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Old 01-02-2022, 02:02 PM   #28
Mini-Skoolie
 
Join Date: Dec 2021
Location: Grand Junction, CO
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Year: 1966
Coachwork: HWY Post Office/Custom Conversion
Chassis: Highway Products, Inc (Fageol/Twin Coach)
Engine: Cummins NHH-220 Turbo, 10-speed
Gentlemen - thanks.

Thanks for the information - very much appreciate you sharing experience.

I've not been able to locate an engine tag - I've not really looked that hard, just assumed the horizontal 743 was the NHH-220 listed in the Operator's Manual. I will do that ASAP to confirm if this is the 220 with turbo added later, or the original NTO-6 262 turbo, the turbo looks just like the VT-50 pictured in the Cummins Shop Manual... I also need to check the fuel pump and turbo for ID tags. Thanks for this!

I don't want to run at 80mph, just looking to increase about 10mph to 65mph on interstate at 1700-1900rpm - not able to edit my original post...

Right now, max engine speed of 2100rpm translates to 63-65mph. I like to cruise on wide-open western interstate and secondary highways at 1700-1900rpm, this translates to about 58mph. Smooth, quiet, calm, and slooow. Wind noise is actually lower than my GMC Savana at 55mph.

Not lugging even on 10-11,000k passes. Current 4.11 gears pull right to 2100rpm in 10th on the flats - of course mountain grades are generally 25-45mph in 5th-7th gear keeping the exhaust temp below 1,000F and engine in the 2000-2100rpm range.

I would like to cruise in 10th gear at 65mph with an engine speed of 1700-1900rpm - topping out at 70-75mph at 2100rpm - some of the flats/gradual downgrades in my area can be 5-20 miles long (not talking steep grades, those are handled in lower gear with engine brakes).

It seems a swap from the 4.11 to 3.70 gear set would allow for this with minimal downside? As a result, perhaps in the wind or long steady slopes, I would drop into 9th at 55mph to keep everything cool and unstressed.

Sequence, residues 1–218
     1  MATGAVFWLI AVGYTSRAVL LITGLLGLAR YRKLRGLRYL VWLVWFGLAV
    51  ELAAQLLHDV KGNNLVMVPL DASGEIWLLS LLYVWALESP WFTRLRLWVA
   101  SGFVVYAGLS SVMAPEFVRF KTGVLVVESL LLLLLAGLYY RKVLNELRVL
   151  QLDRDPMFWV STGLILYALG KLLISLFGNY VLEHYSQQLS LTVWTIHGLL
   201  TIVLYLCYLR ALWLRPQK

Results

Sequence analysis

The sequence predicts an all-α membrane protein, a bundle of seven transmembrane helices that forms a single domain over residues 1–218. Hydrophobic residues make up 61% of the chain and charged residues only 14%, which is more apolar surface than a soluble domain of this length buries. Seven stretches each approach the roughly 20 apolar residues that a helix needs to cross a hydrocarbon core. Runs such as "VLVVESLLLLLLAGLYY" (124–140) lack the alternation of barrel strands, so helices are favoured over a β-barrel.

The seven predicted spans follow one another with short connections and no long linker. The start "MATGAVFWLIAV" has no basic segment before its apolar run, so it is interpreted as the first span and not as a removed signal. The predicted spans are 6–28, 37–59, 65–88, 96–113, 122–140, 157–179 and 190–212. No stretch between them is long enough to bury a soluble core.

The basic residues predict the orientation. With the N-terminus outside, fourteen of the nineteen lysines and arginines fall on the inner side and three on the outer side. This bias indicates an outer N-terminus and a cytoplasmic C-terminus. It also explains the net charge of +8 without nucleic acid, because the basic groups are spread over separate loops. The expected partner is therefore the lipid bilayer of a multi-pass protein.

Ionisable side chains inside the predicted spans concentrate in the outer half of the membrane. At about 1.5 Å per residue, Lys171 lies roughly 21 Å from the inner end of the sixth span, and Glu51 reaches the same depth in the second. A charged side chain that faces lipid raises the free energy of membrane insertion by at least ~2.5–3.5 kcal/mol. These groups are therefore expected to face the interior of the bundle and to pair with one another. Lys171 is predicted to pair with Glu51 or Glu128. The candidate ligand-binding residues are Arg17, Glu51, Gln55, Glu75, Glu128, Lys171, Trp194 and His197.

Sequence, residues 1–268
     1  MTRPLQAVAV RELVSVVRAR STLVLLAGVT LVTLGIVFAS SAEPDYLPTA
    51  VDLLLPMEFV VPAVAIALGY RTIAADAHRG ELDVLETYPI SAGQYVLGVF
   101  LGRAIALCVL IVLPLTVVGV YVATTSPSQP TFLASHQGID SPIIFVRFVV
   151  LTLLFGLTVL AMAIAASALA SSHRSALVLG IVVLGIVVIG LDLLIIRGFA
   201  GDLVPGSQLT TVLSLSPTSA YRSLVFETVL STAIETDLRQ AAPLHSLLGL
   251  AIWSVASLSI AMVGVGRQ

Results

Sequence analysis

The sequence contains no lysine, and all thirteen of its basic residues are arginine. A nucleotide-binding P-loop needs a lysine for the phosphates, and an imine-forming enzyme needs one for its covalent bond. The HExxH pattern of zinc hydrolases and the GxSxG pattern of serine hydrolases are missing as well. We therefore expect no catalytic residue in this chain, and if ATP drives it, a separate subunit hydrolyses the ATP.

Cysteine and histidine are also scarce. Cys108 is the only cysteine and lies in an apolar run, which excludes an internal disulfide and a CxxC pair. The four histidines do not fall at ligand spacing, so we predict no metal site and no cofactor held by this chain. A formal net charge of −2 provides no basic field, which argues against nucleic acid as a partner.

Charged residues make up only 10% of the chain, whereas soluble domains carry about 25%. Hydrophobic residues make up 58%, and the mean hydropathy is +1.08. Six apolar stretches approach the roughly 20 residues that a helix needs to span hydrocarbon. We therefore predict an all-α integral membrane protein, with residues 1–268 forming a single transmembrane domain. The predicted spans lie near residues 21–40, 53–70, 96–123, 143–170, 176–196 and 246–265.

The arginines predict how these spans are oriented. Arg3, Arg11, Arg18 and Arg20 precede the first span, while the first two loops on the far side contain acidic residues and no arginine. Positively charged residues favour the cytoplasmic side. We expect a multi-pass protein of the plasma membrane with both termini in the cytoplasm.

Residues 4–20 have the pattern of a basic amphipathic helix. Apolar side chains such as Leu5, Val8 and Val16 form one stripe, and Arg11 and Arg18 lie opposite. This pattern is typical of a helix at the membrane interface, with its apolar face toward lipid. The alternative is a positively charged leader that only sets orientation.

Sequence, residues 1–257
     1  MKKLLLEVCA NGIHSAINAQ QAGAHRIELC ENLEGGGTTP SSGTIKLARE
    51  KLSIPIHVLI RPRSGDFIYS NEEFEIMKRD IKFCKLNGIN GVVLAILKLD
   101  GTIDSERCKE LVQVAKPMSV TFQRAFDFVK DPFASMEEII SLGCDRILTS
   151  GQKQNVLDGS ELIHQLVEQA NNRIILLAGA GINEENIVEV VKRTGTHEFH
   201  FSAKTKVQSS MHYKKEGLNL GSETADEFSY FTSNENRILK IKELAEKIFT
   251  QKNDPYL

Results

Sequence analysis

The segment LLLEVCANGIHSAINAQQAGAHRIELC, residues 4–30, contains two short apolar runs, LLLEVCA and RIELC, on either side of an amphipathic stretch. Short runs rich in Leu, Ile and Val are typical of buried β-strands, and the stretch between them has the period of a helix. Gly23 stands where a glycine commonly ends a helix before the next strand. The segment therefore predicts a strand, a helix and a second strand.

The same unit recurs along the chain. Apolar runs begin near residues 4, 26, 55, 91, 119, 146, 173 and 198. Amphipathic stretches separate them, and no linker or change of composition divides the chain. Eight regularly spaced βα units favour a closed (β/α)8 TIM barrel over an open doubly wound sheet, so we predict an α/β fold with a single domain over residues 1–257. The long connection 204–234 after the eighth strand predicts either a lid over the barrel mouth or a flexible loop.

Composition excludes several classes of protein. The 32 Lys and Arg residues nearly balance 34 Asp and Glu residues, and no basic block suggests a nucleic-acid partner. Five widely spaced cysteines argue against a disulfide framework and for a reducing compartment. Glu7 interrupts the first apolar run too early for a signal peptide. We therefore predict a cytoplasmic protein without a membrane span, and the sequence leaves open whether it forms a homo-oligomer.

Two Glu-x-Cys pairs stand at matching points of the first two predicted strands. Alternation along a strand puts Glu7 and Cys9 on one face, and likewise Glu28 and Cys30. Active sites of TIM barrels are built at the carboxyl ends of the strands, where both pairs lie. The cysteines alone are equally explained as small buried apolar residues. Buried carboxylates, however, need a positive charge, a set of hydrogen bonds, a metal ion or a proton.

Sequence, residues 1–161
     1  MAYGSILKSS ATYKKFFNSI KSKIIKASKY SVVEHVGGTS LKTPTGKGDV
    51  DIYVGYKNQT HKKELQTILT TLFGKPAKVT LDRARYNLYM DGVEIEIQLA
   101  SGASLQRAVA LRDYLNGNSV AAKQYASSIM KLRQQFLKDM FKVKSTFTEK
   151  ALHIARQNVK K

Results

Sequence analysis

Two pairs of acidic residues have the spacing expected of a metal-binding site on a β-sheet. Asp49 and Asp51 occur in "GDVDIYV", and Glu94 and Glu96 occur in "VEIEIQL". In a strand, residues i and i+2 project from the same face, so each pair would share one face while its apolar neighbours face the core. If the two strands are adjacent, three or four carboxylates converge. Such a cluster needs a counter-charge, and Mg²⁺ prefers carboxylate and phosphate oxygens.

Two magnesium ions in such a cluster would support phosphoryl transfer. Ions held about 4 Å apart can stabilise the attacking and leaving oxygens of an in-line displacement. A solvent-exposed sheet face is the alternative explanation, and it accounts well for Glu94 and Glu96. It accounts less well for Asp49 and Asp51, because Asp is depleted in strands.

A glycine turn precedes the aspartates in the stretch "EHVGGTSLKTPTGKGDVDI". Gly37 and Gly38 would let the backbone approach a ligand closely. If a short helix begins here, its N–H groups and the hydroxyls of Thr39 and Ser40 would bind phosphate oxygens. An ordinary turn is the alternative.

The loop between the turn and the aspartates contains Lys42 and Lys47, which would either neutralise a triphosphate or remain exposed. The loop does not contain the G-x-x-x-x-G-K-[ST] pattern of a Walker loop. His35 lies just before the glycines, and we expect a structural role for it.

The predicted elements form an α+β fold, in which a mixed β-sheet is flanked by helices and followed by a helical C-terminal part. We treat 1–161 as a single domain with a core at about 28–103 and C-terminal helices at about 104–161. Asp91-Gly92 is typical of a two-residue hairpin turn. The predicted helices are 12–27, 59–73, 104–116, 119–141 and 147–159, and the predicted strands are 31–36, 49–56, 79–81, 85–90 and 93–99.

Same tires our company 80,000 fuel tankers run - 75mph rated H-Ply 11R24.5 tires are rated at Max 7,000lbs each for steers & Max 6,600lbs each for the 4x drives. Fully loaded I cross the scales at 11,000 front/16,000 rear axle. I've never felt the tires get warm even crossing NV in June at 100F degrees.
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Old 01-02-2022, 02:19 PM   #29
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I think your idea of 3.70 with a direct 10th gear is right on. My son's Crown with 4.63 and .87 13th is about 4.0 final and a bit short even with 11r24.5 tires. But I have made 2 trips in it at 60 mph and got just a little over 10 mpg. Once fuel prices go up my son may think it is perfect as is.
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Old 01-02-2022, 02:27 PM   #30
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4.63 drive axles and a RTO is a nice setup.
That is what I ran till 1983. Then I went to 3.70 and a 15 direct.
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Old 01-02-2022, 03:10 PM   #31
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Kudos on the Transmission. Manuals rock.
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Old 01-03-2022, 11:49 AM   #32
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I think your little engine would be hard-pressed to bull-doze that shoe-box at the speed you desire.
.
A couple minutes research indicates your 220hp engine has a torque of around 545.
(These days, those specs are beat by a stock Cummins 359ci in a decade-old pick-up truck.
A new Ram pick-up can nearly double those numbers.)
.
First, I think no gearing can overcome the aerodynamic inefficiency of that square body.
.
Second, to overcome that aerodynamic inefficiency requires substantially more torque than your drive-train is capable of handling.
Twisted drive-shafts, spun carrier bearings, pretzeled U-joints.
.
In other words:
* Your vehicle inherent inefficiencies are cumulative and cascading.
.
Third, speaking of aerodynamics...
What happens to handling and braking at your proposed velocities?
You are moving 15-20? ton on a suspension engineered a half-century? ago.
.
'Yes', you can add an 18-speed through a 3-speed Brownie into a 2-speed axle.
You can gear so your speed is near the bottom of your power-band.
.
I am trying to talk you into not fussing with a proven design.
I am also probably trying to talk you into a vehicle engineered for your desired velocities... something Italian or German.